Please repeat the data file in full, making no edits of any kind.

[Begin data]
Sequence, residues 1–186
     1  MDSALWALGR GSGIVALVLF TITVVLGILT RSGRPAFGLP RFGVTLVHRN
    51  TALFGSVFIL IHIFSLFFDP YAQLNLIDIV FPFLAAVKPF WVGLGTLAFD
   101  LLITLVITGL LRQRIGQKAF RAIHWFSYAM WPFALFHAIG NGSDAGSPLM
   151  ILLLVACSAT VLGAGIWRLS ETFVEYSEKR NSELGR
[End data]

Sequence, residues 1–186
     1  MDSALWALGR GSGIVALVLF TITVVLGILT RSGRPAFGLP RFGVTLVHRN
    51  TALFGSVFIL IHIFSLFFDP YAQLNLIDIV FPFLAAVKPF WVGLGTLAFD
   101  LLITLVITGL LRQRIGQKAF RAIHWFSYAM WPFALFHAIG NGSDAGSPLM
   151  ILLLVACSAT VLGAGIWRLS ETFVEYSEKR NSELGR